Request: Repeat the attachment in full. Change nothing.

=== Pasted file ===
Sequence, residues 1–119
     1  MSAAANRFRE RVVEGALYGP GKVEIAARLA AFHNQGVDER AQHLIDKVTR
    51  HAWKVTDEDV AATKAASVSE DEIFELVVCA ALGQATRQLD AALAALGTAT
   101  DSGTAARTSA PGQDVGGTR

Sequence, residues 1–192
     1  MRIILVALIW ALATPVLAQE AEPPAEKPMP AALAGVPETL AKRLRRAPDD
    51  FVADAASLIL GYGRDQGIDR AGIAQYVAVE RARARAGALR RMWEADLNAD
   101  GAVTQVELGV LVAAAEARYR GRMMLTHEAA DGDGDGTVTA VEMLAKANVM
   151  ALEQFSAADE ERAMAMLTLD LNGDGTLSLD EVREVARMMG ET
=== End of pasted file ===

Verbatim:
Sequence, residues 1–119
     1  MSAAANRFRE RVVEGALYGP GKVEIAARLA AFHNQGVDER AQHLIDKVTR
    51  HAWKVTDEDV AATKAASVSE DEIFELVVCA ALGQATRQLD AALAALGTAT
   101  DSGTAARTSA PGQDVGGTR

Sequence, residues 1–192
     1  MRIILVALIW ALATPVLAQE AEPPAEKPMP AALAGVPETL AKRLRRAPDD
    51  FVADAASLIL GYGRDQGIDR AGIAQYVAVE RARARAGALR RMWEADLNAD
   101  GAVTQVELGV LVAAAEARYR GRMMLTHEAA DGDGDGTVTA VEMLAKANVM
   151  ALEQFSAADE ERAMAMLTLD LNGDGTLSLD EVREVARMMG ET